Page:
Happy (belated) seventy-seventh birthday to Dr. Lynn Conway, now emerita at UMich, who was dealt a really shitty hand in life and overcame it to revolutionize the field of electrical engineering, literally write the book on VLSI design (along with Dr. Carver Mead, of CIT), and, in the past fifteen years, become a outspoken trans-rights activist. She also rides motocross.
![Photograph of Dr. Lynn Conway](http://ai.eecs.umich.edu/people/conway/LynnPhotos/Lynn2006.jpg" caption=""Playing is Adventuring is Exploring is Innovating is Designing is Engineering is Architecting is Art."
When I'm calling out heroes in STEM, I usually say something about the sort of challenges they had to overcome to achieve what they did, but Dr. Conway's story takes the cake. She was born physically male, which, as it turns out, is a really, really shitty thing to happen to you if you're a girl born in 1938. She's written a memoir on her life, which traverses the painfully personal, the fascinatingly technical, and everything in between, in the arc from her early struggles with gender identity; to her career at IBM (cut short when they fired her for transitioning male-to-female); to her subsequent second career-from-scratch at, well, everywhere; to her coming-out and subsequent trans activism. I don't have the words to recommend it highly enough. It's honest, raw, and inspiring -- oh, just read it.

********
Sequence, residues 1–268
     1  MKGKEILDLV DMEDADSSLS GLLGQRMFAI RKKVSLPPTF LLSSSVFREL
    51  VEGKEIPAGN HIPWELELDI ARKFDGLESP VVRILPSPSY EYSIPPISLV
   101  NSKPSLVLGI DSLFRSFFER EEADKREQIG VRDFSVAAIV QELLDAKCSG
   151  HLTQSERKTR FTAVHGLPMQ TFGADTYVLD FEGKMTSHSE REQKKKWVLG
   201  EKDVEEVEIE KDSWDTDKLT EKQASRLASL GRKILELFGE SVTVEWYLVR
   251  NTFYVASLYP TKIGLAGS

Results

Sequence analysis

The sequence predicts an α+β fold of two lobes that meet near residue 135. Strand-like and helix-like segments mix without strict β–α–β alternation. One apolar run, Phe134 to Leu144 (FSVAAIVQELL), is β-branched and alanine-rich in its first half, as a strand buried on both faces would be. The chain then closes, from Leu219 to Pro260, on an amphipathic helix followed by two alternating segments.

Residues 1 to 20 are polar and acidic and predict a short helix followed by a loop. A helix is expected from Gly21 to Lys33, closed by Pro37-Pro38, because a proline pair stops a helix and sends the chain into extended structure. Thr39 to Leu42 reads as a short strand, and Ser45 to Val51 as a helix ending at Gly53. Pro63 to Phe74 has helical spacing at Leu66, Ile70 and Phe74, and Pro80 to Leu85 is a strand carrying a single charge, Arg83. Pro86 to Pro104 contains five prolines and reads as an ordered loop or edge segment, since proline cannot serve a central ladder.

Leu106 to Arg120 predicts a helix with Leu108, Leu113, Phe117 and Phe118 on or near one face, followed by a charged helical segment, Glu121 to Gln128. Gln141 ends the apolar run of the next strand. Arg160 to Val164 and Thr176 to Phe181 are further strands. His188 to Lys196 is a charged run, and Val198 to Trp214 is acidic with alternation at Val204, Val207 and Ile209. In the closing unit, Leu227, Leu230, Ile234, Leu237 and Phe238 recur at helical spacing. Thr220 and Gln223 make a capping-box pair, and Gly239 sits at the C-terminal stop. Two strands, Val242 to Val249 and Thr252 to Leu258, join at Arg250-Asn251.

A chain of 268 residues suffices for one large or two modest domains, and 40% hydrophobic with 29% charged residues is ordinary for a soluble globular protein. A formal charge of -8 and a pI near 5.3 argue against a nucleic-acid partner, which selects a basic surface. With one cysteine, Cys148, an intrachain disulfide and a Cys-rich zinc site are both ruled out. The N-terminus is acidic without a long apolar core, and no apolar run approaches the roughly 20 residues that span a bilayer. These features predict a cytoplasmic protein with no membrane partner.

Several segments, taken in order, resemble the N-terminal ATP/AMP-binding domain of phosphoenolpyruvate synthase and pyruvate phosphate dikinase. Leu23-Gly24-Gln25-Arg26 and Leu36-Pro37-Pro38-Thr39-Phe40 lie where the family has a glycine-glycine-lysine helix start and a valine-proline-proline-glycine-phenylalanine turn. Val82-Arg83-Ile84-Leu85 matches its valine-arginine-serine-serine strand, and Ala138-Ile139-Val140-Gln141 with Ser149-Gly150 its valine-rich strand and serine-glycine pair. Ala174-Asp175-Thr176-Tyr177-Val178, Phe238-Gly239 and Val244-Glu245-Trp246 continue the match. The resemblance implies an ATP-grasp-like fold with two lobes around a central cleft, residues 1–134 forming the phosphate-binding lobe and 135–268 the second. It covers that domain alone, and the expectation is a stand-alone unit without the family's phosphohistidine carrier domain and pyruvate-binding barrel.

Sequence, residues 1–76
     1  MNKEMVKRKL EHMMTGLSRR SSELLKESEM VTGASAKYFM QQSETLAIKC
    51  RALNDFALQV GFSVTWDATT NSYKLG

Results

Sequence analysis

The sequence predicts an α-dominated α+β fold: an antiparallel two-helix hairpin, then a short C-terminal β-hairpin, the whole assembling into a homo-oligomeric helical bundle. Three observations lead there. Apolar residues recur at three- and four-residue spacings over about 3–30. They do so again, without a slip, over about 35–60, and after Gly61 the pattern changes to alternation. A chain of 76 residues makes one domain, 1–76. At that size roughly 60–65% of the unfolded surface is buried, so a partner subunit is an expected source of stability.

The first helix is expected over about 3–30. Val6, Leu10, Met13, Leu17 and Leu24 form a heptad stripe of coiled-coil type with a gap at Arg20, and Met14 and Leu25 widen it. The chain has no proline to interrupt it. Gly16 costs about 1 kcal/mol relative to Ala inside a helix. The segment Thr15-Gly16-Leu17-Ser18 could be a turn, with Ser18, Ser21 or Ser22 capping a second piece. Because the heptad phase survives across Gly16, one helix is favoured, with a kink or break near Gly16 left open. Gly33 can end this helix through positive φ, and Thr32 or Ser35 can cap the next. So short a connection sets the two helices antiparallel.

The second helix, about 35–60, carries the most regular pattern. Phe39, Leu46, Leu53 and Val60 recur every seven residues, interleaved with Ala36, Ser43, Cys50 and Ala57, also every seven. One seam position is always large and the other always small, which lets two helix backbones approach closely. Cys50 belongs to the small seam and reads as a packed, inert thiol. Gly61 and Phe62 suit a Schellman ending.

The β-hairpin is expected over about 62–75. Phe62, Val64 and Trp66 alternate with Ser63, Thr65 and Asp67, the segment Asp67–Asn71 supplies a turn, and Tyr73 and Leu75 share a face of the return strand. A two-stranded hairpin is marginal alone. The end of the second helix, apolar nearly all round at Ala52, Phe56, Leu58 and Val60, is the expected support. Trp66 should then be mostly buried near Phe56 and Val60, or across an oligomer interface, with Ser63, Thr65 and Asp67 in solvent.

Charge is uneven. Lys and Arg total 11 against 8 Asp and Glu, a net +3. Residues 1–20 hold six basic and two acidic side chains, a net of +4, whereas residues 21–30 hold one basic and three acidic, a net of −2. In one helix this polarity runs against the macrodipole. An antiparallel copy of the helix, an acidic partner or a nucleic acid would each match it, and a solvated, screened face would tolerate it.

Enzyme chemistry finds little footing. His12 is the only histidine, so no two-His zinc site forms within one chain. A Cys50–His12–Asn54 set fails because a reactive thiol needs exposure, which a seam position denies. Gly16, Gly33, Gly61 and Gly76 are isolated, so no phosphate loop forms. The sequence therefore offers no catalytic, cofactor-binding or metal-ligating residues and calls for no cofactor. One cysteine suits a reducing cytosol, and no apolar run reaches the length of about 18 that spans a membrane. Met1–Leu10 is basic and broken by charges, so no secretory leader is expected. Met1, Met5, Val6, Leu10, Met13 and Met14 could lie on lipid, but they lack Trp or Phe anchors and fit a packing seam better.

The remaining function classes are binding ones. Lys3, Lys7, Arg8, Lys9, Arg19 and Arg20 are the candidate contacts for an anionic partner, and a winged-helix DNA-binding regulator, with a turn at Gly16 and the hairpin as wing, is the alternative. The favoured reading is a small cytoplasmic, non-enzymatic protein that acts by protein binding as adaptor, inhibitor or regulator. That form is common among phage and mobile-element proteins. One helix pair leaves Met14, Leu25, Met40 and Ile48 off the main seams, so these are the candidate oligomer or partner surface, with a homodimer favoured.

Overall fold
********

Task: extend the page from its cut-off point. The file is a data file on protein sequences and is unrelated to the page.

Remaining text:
Conway's accomplishments include:
- the Mead-Conway revolution in VLSI design (this is why you're able to read this on a smartphone, tablet, or laptop right now)
- "generalised dynamic instruction handling", used in out-of-order execution (this one's happening in your computer/smartphone/tablet/laptop right now)
- convincing the Institute of Electrical and Electronics Engineers (the professional EE organization, with >430,000 members...) to adopt provisions in its "Code of Ethics" prohibiting professional engineers from discriminating on the basis of "sexual orientation, gender identity, or gender expression".